Evan Williams (on left) with Noah Glass, co-founded Odeo. Source of photo: http://www.nytimes.com/2005/02/25/technology/25podcast.html?ex=1267419600&en=b80f1d3808f556cc&ei=5088
Evan Williams’ story illustrates Christensen and Raynor’s advice that disruptive innovators need to seek good money, and spurn bad money. Good money is patient for growth, but impatient for profit. Bad money is the opposite.
EVAN WILLIAMS recently bought his freedom. It cost him a bit more than $2 million, and he says it was worth every penny.
I’m not talking about paying off a big debt to one of Tony Soprano’s loan-shark underlings. Mr. Williams is a serial entrepreneur, one of those Silicon Valley characters who start company after company. And he purchased his freedom from the venture capitalists and others who financed his company, Odeo. Mr. Williams dug into his pockets and gave them back their money. He got to keep his struggling podcast company and renamed it the Obvious Corporation.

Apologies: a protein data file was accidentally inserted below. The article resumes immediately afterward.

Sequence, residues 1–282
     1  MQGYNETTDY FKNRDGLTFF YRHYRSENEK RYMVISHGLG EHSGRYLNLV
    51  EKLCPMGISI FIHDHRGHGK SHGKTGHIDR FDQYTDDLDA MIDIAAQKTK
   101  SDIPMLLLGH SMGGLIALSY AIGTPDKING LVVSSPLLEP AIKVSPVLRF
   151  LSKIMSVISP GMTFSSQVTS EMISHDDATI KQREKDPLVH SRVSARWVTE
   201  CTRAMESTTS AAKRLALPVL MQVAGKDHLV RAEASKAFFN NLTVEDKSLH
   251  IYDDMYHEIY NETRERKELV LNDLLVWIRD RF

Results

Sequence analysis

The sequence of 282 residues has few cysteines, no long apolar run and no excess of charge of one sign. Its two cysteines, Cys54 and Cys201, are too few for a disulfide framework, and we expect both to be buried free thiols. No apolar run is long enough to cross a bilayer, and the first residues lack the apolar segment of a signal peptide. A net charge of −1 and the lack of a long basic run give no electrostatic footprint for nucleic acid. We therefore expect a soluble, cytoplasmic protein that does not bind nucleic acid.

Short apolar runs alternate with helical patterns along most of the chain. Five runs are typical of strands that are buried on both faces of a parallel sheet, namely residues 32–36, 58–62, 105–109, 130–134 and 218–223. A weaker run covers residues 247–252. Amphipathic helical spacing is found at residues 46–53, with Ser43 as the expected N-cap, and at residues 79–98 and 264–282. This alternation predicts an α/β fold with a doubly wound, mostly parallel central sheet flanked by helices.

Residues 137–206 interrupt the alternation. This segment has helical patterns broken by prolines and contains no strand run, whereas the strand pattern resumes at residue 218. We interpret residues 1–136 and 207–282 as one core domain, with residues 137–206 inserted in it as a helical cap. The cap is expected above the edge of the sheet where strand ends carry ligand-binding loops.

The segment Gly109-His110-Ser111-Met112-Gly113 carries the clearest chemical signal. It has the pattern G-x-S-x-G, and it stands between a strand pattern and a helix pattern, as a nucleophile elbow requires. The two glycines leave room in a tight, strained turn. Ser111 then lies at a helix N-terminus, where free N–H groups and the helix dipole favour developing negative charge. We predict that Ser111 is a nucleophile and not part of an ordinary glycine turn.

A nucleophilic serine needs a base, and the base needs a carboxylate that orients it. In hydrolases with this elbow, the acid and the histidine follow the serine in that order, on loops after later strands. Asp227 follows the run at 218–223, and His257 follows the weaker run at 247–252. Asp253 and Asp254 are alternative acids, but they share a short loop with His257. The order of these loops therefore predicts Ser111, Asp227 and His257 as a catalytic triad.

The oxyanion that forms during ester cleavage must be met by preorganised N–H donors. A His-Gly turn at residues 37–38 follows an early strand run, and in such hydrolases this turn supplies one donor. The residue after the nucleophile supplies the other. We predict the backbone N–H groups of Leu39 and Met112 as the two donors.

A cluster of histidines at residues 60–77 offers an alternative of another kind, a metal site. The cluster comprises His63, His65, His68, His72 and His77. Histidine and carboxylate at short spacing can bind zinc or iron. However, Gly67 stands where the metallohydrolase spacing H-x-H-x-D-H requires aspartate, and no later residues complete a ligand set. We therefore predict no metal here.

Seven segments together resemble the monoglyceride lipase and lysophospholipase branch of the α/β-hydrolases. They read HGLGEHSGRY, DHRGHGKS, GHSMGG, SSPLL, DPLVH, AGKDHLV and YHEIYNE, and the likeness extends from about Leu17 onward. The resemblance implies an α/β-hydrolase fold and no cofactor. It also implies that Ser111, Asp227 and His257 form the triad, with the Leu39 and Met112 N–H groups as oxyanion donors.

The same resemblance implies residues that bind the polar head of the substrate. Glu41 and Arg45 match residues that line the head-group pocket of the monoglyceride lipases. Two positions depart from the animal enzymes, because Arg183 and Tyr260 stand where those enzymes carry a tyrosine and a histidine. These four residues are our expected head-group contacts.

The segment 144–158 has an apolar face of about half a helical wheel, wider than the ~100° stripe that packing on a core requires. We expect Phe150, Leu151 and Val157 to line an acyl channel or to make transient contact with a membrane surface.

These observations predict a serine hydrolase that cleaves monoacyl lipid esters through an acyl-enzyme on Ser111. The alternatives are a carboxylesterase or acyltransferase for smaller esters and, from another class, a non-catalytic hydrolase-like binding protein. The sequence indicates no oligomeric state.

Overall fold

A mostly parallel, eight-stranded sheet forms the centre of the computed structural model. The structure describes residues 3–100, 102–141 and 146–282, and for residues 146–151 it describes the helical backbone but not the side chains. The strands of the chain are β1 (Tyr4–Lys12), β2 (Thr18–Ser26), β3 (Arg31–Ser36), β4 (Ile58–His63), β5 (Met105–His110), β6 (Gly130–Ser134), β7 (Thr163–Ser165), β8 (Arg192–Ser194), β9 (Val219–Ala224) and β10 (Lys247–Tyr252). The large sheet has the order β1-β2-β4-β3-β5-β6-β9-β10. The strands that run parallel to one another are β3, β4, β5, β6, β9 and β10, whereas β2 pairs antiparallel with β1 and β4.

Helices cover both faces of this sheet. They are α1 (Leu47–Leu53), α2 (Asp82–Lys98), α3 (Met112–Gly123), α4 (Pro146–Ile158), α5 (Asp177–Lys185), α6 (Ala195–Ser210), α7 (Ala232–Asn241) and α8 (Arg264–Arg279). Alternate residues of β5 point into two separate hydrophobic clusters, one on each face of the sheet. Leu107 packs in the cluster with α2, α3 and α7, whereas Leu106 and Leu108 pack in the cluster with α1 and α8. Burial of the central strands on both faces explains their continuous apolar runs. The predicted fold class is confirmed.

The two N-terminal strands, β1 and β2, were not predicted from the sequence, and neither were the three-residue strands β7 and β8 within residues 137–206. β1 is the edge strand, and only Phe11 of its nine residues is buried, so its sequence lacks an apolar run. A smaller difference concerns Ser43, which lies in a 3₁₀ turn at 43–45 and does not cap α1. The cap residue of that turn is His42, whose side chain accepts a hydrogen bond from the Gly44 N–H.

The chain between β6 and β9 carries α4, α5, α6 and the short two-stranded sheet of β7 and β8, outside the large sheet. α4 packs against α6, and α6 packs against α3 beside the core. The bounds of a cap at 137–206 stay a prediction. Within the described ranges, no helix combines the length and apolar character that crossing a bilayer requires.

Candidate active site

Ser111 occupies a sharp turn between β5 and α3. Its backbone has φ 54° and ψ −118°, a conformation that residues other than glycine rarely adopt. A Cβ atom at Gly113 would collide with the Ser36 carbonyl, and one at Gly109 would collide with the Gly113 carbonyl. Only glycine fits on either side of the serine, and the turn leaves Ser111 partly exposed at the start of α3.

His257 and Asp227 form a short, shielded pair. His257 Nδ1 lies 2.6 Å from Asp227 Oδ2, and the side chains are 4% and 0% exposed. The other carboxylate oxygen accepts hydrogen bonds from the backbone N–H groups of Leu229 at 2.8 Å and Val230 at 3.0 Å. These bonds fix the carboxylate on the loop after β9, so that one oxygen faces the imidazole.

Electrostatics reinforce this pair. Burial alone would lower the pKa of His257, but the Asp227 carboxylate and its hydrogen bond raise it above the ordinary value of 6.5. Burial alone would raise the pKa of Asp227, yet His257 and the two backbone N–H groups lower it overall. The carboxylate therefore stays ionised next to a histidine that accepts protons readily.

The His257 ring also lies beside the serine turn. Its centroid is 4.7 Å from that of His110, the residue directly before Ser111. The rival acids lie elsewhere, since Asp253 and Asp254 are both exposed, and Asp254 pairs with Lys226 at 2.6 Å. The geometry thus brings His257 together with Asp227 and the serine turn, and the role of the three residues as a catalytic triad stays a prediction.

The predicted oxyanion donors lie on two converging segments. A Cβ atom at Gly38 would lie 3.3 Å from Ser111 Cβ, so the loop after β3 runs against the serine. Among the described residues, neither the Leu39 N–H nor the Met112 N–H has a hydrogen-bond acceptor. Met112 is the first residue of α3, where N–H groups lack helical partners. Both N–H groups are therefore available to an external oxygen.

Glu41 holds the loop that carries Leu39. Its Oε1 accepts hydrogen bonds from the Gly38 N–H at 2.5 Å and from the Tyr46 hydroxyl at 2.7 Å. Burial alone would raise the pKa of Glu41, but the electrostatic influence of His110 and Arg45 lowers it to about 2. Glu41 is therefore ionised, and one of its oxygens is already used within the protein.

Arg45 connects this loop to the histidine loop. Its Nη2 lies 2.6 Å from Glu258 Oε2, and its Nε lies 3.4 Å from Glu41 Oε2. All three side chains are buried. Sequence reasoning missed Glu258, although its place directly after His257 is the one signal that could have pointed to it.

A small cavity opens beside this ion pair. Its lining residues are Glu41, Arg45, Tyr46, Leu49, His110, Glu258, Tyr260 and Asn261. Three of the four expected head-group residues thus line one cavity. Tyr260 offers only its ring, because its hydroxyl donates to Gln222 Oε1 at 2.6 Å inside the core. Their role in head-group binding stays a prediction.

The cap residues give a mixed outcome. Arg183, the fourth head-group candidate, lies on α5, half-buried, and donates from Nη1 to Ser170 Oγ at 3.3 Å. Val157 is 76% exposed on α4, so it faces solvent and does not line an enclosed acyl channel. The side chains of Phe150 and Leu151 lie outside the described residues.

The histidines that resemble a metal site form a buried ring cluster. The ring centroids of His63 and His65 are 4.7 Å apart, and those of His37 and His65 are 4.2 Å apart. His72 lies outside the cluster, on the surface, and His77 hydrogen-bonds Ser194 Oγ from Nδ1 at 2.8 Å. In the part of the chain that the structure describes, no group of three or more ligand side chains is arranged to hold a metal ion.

In the process, Mr. Williams, who is 34, has become something of a cause célèbre among a small group of mostly young entrepreneurs who seem determined to turn their back on venture capitalists. They say they yearn for a new entrepreneurship model. They talk about building ”sustainable companies” suggesting something idealistic in their quest. With comments on blogs urging Mr. Williams to ”keep up the goodness,” it feels a bit like the birth of a mini-movement in the Valley.
. . .
In candid posts on his blog, Mr. Williams chronicled Odeo’s story, warts and all. He admitted to making mistakes. Getting too much venture money too early was one of them. It made it harder to persuade the board and the company’s 14 employees to change course when, for example, Apple Computer introduced a competing product that cut into Odeo’s prospects. ”It’s a bigger ship to turn,” Mr. Williams said.
For the full story, see:
(Note: ellipsis added.)
The reference for the Christensen and Raynor book is:
Christensen, Clayton M., and Michael E. Raynor. The Innovator’s Solution: Creating and Sustaining Successful Growth. Boston, MA: Harvard Business School Press, 2003.